The book of Joshua can be viewed as a modern-day metaphor for the types of trials we encounter where Christians need to prepare for personal battles. This is primarily true because, many of its stories and battles take place in the desert. Within its pages, readers are taught how to fight in a desert experience while maintaining deep faith. The thing is, a desert experience takes more than preparation, and it takes more than bodily strength; it is the type of experience that requires total dependence on God. Why? Because, in the desert, we can never predict or prepare enough water (faith), to quench the deep thirst (spiritual dependence), caused by the burning sun (conflict); we simply just never know how hot it is going to be or how our body will react to the pelting heat of the sun.
The three verses found above are the fulfillment of a promise God made to Joshua while in the midst of fighting yet another desert battle. In this passage, Joshua asks God to hold back the sun from going down and the moon from rising, so his army could annihilate Gibeon’s enemies without violating the Sabbath.
While I read the surrounding paragraphs, all I could think about was this. If God could hold back the sun and the moon from a full orbit for one whole day, what problem could I possibly have that He cannot solve? When we look more closely, we have to believe, it is our lack of faith that inhibits the release of His solutions to our problems. We are the ones who inhibit God's solutions! If we exhibit extraordinary faith—faith beyond that which we normally consider natural; then, metaphorically speaking, the sun and the moon can be held back from their orbit.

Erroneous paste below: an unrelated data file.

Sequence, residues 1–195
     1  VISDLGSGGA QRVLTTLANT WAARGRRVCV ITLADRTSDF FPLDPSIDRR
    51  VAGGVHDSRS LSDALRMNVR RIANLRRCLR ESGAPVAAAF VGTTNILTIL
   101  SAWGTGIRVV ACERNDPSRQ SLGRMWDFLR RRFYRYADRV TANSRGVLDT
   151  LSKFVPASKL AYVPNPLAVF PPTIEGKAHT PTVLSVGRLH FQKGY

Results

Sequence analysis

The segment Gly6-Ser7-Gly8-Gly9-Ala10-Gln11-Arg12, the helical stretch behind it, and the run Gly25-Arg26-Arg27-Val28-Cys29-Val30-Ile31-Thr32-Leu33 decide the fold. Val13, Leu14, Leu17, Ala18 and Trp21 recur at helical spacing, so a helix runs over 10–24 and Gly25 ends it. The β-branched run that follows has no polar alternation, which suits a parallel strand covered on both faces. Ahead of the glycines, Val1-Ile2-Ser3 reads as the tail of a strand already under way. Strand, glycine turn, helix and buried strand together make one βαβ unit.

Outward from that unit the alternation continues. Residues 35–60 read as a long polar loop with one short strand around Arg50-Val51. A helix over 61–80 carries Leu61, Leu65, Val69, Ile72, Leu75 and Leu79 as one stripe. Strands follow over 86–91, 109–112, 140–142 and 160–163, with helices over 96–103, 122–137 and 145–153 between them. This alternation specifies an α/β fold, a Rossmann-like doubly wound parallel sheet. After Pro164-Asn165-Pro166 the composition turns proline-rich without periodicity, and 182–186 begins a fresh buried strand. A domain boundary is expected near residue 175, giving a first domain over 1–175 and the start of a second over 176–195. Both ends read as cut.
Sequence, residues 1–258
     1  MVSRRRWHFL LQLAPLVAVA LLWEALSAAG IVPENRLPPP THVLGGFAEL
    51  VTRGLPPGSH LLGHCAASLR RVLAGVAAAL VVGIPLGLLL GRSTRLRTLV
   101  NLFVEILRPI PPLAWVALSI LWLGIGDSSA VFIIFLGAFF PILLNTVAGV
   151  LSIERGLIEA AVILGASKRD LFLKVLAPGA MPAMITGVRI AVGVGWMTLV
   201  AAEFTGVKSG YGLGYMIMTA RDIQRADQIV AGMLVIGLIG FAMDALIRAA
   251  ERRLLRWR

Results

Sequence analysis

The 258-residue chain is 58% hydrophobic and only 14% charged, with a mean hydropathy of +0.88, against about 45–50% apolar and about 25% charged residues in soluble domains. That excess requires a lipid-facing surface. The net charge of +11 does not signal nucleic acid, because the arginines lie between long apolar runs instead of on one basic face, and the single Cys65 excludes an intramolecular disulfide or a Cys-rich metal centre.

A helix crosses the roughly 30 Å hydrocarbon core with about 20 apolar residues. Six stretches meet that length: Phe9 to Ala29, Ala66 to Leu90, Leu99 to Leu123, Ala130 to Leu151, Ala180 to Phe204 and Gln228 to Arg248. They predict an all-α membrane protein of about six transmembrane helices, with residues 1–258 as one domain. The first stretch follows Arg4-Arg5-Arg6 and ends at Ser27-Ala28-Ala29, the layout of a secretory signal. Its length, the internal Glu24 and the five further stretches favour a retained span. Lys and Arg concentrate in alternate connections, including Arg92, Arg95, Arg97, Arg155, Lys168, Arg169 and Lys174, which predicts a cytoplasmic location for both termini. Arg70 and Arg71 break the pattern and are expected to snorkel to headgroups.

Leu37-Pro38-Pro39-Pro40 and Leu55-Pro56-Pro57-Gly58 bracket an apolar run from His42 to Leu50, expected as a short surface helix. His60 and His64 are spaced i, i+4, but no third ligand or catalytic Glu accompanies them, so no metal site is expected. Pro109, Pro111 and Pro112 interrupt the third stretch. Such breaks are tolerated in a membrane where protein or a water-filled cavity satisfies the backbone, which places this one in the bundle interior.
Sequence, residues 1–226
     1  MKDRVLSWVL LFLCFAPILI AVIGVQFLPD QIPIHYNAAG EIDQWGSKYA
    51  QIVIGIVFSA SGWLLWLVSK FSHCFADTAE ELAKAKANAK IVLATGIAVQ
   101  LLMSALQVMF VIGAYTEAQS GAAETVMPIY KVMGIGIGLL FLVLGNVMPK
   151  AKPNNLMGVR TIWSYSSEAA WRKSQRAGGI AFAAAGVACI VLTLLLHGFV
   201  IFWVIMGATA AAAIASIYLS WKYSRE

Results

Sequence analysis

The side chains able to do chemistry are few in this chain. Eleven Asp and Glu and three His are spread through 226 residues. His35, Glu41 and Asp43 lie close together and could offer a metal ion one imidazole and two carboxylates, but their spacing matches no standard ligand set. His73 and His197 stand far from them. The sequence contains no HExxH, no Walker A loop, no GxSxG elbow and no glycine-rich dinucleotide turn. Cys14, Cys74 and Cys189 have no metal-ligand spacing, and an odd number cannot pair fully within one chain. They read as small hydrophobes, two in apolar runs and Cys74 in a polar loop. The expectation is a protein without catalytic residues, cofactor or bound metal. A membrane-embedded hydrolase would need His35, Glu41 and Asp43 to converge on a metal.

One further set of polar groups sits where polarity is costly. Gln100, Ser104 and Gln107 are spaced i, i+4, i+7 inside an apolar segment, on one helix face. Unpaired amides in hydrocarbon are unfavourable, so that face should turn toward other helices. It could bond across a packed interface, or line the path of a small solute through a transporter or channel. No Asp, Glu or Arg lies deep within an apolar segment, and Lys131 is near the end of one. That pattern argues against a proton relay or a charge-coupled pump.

Like all tribulations in our lives, our Faith will be tested to the extreme; since, it is only in the extreme tests that we are able to exhibit the kind of extraordinary Faith, which enables God to literally stop the sun and the moon from moving. L.
Study Reference: Joshua 10:6-14
From: "The Day The Sun Stood Still." In The Master's Hands: 365 Daily Devotions for Everyday Living.
Copyright © 2014 by Lavona E. Campbell